A user who is aware of an issue like spear phishing knows what to look for and how it can affect them. Training gives the user the opportunity to put their education into action, practice it, and demonstrate that they understand.
Like any technology asset, maintaining an active security posture is not only possible, it is essential. Regular, ongoing interactions with users create opportunities for engaging assessment and remediation activities — and our data shows that these exercises and teachable moments can reduce user-based risks, particularly those associated with phishing attacks.
- Organizations should absolutely be prioritizing end-user cyber security education. Benefits are seen when you create a culture of security, as educated employees are far more likely to immediately question an unsolicited request for sensitive data. They will also be able to recognize when phone calls, emails or social media messages are outside the scope of ‘normal.’
The results reflected in the Managing Insider Risk through Training & Culture research shows only 35% of respondents said their senior executives have made end-user security awareness and training a priority and 60% say their employees are not knowledgeable or have no knowledge of the company’s security risks. These numbers should worry you.
Challenge the way you think of cybersecurity education. Think of it not just as a “check-the-box” activity, but also a “fill-the-bucket” activity. A once-a-year, soup-to-nuts presentation or video about all things cybersecurity allows you to check the box, but does it allow you to fill the bucket and keep it fresh? A year from now, what will the contents of that bucket be like? Think of water that would sit, untouched, for a year. Not so fresh, right? What (other than Twinkies and M&Ms) could withstand a stagnant period of that length and still be of value? Cyber security education is very similar. If you only train your employees once a year, your results will be less than stellar.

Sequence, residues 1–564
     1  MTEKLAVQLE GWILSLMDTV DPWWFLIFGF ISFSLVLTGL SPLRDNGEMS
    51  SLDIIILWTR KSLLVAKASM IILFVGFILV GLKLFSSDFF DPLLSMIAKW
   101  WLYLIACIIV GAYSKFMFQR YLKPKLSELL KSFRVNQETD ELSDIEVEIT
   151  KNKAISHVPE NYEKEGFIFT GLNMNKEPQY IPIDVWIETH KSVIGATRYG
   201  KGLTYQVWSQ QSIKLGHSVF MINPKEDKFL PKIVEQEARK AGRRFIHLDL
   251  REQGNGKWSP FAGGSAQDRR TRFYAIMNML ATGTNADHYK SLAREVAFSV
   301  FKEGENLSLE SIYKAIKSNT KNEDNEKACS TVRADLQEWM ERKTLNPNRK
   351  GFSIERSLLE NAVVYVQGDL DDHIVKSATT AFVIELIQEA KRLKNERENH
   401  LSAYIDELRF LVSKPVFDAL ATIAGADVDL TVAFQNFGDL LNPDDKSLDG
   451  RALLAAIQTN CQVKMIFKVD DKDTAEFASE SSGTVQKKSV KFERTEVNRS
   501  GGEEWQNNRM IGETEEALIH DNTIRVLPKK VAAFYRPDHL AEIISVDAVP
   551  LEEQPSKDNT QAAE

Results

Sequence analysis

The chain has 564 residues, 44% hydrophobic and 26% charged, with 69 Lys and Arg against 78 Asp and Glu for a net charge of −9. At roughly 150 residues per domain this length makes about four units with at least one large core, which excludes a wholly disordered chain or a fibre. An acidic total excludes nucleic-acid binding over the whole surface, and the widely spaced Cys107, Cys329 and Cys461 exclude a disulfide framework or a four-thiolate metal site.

Take a different approach to employee training, delivering short, bite-sized, palatable bursts of information that can be used to nourish end users’ understanding year round. Can you check the box? Absolutely. The difference is in how you fill and refresh the bucket. Regular infusions of awareness and training keep things fresh and interesting will improve your results.
- However, organizations need to train “beyond the phish.” Email compromise and phishing attacks are far from the only threats from attackers looking to gain a foothold within your organization.
Our 2016 Beyond the Phish Report reveals many cybersecurity threats that are prevalent today — including oversharing on social media, unsafe use of WiFi, and company confidential data exposure — are not well-understood by end users. These activities are not only dangers in their own right, but also are contributing factors to the ever-expanding phishing problem.
Recent attacks prove there are many security exposures that originated outside of email attacks, including wireless network, software vulnerabilities, portable device safety, lack of encryption and much more. That said, organizations must keep track of all types of emerging hacks so they can educate their employees properly, making it tougher for cyber criminals to access companies’ confidential data.
Always remember forewarned is forearmed.